The festival features a street parade with participants in bright-colored costumes dancing to the rhythm of drums, trumpets, and native gongs. Smaller versions of the festival are held in various parts of the province, also to celebrate and honor the Santo Niño. There is also a "Sinulog sa Kabataan", performed by the youths of Cebu a week before the grand parade.
Recently, the festival has been promoted as a tourist attraction, with a contest featuring contingents from various parts of the country. The Sinulog Contest is usually held in the Cebu City Sports Complex.
On the feast day at the Basilica, a Pontifical Mass is celebrated by the Cardinal with the assistance of several bishops of Cebu. Most devotees go to the Basilica to attend the mass before heading out to the streets to watch the parade.
The Sinulog dance steps were believed to originate from Rajah Humabon's adviser, Baladhay. It was during Humabon's grief when Baladhay was driven sick. He then ordered his natives to bring Baladhay into a chapel where the Sto. Niño was enthroned. Moments later, surprisingly, Baldhay was heard shouting and was found dancing with outmost alertness. Baladhay was questioned as to whether why was he awake and was shouting. Baladhay explained that he found a small child, pointing to the image of the Sto. Niño, on top of him and trying to wake him up. He, at great astonishment, scared the child away by shouting but couldn't explain why he was dancing the movements of the river. Up to this day, the two-steps forward and the one-step backward movement dance is still used by the Sto. Niño devotees believing that it was the Sto. Niño's choice to have Baladhay dance what the holy child wants them to dance.
On April 7, 1521, the Portuguese navigator Ferdinand Magellan arrived and planted the cross on the shores of Cebu, claiming the territory in the name of the King of Spain. He presented the image of the child Jesus, the Santo Niño, as baptismal gift to Hara Humamay, wife of Cebu's Rajah Humabon. Hara Humamay was later named, Queen Juana in honor of Juana, mother of Carlos I. Along with the rulers of the island, some 800 natives were also baptized to the Christian faith. At the moment of receiving the image, it was said that Queen Juana danced with joy bearing the image of the child Jesus. With the other natives following her example, this moment was regarded as the first Sinulog.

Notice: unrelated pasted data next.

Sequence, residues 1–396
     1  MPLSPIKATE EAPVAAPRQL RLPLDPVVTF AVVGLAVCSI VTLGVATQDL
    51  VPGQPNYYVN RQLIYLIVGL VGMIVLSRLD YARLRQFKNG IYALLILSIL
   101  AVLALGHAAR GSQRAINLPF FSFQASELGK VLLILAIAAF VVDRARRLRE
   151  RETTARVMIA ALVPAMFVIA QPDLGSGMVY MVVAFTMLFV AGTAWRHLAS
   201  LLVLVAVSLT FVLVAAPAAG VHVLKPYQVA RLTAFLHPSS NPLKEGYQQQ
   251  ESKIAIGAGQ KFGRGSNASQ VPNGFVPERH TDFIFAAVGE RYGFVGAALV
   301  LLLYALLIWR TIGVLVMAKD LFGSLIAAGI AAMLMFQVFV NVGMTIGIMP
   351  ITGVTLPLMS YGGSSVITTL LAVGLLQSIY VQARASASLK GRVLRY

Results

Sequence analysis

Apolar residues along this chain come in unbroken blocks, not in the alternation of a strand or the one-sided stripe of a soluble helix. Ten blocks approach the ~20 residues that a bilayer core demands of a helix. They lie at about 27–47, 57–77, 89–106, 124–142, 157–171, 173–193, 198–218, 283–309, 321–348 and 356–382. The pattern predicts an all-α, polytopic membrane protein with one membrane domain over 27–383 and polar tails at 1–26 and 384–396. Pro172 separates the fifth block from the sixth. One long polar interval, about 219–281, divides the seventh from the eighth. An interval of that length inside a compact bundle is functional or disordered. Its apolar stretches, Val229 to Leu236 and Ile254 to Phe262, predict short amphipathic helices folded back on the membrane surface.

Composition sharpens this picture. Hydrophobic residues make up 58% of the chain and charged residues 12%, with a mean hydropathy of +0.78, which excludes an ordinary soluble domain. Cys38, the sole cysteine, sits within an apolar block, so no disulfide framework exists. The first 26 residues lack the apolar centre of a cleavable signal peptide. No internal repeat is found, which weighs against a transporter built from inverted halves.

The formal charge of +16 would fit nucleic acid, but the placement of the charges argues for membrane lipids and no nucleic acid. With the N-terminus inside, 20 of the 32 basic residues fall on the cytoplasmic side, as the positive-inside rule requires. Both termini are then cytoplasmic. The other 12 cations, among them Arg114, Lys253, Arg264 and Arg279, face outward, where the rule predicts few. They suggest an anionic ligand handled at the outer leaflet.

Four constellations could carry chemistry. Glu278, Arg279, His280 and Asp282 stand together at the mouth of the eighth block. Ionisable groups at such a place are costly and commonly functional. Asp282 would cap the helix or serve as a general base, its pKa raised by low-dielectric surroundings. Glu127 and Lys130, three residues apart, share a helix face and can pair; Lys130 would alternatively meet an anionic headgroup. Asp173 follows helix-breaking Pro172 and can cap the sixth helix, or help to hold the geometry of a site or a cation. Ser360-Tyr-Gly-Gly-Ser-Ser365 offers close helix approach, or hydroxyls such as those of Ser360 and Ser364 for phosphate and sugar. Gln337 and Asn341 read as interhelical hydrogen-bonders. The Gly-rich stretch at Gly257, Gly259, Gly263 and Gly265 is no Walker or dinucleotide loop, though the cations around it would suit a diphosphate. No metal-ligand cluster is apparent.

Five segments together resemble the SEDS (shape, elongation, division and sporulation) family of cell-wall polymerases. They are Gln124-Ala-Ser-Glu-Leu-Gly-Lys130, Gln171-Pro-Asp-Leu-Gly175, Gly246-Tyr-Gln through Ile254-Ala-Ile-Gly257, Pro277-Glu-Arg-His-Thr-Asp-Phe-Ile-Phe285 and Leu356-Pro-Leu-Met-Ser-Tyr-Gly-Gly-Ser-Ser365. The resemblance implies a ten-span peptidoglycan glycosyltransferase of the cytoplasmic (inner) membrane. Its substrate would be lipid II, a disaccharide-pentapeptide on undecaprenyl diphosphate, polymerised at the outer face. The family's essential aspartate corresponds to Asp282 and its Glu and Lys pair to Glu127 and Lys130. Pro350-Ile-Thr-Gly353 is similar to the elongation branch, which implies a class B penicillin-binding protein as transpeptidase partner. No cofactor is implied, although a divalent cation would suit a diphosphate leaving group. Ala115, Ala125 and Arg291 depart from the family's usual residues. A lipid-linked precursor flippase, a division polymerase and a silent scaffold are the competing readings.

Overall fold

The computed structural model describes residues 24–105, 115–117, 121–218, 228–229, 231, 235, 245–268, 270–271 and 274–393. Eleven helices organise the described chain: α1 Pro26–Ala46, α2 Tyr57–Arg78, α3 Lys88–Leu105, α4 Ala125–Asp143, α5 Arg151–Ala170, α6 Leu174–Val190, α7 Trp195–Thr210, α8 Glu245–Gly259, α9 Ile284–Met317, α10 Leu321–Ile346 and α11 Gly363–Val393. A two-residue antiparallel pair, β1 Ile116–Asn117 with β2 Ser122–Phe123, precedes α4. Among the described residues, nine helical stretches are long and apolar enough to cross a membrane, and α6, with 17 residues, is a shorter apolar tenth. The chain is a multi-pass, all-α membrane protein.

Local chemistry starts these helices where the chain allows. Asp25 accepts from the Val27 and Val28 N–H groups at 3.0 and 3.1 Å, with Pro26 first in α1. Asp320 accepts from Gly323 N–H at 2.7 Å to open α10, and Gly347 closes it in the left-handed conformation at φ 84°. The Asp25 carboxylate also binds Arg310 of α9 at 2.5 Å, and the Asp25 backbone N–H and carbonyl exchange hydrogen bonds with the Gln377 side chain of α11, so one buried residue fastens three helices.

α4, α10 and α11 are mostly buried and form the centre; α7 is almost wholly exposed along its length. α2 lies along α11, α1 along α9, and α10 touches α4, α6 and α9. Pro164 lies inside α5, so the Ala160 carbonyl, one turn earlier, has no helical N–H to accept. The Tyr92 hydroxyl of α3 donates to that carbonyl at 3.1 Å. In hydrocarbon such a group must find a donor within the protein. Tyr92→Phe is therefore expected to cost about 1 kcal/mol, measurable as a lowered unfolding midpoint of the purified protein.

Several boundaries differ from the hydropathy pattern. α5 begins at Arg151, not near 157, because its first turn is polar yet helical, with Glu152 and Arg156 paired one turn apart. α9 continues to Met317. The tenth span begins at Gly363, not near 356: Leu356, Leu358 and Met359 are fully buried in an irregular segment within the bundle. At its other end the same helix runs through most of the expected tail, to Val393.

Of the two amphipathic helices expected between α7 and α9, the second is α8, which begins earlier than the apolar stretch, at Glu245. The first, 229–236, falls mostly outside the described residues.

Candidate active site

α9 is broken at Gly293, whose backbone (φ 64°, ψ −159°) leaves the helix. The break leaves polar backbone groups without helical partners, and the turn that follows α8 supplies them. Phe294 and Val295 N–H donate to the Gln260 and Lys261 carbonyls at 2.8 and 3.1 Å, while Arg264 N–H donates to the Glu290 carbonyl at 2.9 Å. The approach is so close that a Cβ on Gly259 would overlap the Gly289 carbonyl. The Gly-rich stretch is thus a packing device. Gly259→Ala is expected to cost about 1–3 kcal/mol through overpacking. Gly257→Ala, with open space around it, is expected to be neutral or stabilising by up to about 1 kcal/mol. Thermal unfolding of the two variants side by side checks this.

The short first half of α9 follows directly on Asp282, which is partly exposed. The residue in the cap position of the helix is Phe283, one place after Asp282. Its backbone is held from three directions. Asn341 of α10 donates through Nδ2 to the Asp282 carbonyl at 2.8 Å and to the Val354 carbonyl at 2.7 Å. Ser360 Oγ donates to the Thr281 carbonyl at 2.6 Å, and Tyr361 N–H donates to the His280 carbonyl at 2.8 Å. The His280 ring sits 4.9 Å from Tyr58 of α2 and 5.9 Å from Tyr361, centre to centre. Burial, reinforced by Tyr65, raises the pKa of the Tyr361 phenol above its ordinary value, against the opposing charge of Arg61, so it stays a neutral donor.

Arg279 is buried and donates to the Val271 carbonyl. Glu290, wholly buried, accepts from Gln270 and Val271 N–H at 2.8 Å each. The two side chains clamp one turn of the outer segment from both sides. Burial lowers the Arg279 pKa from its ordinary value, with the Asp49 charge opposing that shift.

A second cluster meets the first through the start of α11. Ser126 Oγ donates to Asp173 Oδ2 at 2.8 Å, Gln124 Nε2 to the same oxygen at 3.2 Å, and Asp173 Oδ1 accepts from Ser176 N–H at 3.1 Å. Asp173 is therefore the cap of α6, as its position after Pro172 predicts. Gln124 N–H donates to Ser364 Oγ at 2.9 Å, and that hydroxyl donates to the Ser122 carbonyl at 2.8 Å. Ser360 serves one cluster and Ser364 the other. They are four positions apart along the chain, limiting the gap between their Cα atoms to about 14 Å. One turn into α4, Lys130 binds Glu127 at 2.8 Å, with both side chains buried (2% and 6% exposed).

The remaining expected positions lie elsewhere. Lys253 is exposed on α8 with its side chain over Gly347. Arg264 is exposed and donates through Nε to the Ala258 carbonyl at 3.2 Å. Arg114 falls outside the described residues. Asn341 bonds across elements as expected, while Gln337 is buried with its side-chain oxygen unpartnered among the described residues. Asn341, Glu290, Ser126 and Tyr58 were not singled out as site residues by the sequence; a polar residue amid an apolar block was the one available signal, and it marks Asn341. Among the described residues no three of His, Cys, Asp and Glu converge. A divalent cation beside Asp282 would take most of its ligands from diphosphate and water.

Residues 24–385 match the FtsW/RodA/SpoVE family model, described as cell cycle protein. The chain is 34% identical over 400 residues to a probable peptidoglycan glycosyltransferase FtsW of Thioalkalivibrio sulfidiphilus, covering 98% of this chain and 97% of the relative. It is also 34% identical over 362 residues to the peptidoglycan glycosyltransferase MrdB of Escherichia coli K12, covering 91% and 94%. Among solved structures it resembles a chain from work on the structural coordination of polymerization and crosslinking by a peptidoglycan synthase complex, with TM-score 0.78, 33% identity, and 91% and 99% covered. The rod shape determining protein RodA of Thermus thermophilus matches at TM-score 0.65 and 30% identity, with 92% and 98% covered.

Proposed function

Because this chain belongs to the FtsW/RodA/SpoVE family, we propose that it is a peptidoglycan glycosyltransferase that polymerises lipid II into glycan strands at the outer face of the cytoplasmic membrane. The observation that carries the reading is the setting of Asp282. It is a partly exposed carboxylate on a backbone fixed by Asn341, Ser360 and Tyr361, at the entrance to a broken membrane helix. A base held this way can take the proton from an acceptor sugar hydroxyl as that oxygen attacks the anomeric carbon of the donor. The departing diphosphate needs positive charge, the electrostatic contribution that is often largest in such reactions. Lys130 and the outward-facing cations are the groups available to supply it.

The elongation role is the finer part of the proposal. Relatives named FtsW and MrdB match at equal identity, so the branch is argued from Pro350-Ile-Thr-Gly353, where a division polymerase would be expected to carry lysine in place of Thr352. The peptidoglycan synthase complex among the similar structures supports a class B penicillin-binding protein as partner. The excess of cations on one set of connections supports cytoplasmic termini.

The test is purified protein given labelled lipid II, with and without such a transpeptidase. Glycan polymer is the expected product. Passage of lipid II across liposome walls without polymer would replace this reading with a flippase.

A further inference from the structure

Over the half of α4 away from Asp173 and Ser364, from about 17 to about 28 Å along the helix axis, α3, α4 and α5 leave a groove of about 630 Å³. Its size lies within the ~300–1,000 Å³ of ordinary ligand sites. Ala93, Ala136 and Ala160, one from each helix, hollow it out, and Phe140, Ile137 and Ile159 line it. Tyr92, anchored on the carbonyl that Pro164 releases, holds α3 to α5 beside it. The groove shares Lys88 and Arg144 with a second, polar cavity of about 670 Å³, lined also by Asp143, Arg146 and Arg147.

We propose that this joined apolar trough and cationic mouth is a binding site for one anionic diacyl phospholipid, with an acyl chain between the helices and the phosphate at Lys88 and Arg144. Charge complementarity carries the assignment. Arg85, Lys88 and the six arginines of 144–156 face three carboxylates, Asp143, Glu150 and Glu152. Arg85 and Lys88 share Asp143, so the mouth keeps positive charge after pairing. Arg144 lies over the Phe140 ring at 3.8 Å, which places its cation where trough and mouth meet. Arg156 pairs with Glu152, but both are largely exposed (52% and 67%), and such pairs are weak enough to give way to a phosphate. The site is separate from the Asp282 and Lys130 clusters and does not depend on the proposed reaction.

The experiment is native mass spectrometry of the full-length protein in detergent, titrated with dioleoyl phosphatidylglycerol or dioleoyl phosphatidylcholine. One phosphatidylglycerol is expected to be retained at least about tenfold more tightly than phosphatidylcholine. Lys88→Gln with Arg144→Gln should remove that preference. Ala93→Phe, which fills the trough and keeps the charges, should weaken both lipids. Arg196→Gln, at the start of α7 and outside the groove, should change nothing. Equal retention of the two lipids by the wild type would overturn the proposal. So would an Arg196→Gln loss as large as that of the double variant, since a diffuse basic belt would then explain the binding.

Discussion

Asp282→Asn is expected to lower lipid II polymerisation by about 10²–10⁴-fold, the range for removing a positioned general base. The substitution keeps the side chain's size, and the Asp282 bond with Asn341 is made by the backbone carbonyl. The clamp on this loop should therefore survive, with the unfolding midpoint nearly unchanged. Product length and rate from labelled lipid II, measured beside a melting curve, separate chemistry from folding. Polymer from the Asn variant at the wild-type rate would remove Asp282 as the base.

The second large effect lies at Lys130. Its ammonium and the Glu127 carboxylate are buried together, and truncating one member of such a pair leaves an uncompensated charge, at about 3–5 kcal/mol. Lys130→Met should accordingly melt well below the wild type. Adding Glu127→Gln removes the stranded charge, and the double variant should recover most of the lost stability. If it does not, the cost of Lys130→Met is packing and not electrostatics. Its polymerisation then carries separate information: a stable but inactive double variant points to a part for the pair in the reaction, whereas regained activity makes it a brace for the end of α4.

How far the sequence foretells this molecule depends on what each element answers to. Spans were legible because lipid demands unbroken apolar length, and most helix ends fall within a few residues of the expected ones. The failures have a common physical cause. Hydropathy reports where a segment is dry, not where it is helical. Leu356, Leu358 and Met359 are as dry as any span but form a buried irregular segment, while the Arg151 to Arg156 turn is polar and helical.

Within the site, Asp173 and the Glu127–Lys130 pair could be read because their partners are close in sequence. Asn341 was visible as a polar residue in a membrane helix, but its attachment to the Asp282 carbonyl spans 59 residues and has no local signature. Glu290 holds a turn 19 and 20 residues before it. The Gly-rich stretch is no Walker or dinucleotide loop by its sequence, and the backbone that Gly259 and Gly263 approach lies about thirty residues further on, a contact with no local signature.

This event is frequently used as basis for most Sinulog dances, which dramatize the coming of the Spaniards and the presentation of the Santo Niño to the Queen. A popular theme among Sinulog dances is Queen Juana holding the Santo Niño in her arms and using it to bless her people who are often afflicted by sickness caused by demons and other evil spirits.
The conquistador Miguel López de Legazpi arrived in Cebu on April 28, 1565 and destroyed the village ruled by Rajah Tupas. In one of the huts of the burning village, one of Legazpi's soldiers named Juan Camus found a wooden box containing the image of the Santo Niño lying amongst several native idols. Historians later said that during the 44 years between the coming of Magellan and Legazpi, the natives of Cebu continued to dance the Sinulog but no longer to worship their anitos but to show their reverence to the Santo Niño.
The Augustinian friars that accompanied Legazpi in his expedition proclaimed the statue miraculous and built a church on the site where it was found. The church was called San Agustin Church, later renamed to Basilica Minore del Santo Niño.
The first Sinulog parade was held in 1980, organized by David Odilao, then Regional Director of the Ministry of Sports and Youth Development. The parade was composed of students dressed in moro-moro costumes, dancing the Sinulog to the beating of drums.
The idea caught and thus, under the direction of the Cebu City Mayor Florentino Solon with the help of several influential Cebuanos, Odilao turned over the Sinulog project to the Cebu City Historical Committee under Kagawad Jesus Garcia. It was the task of the Committee to conceptualize the Sinulog festival and make it into a yearly event from then on.
In 1981 the following year, the concept of the Sinulog Parade was actualized, involving practically every sector in the Cebuano community. Marking its difference from another popular festival, the Ati-Atihan in Aklan, the Sinulog focuses not on the ritual itself but on the historical aspects of the dance, which, as it has been said, represents the link between the country's pagan past and Christian present.
The Sinulog committee then incorporated the two-headed eagle to a native warrior's shield. The native shield is supposed to symbolize the country's resistance to colonization while the Santo Niño's coat of arms printed on its face represented the country's acceptance of Christianity.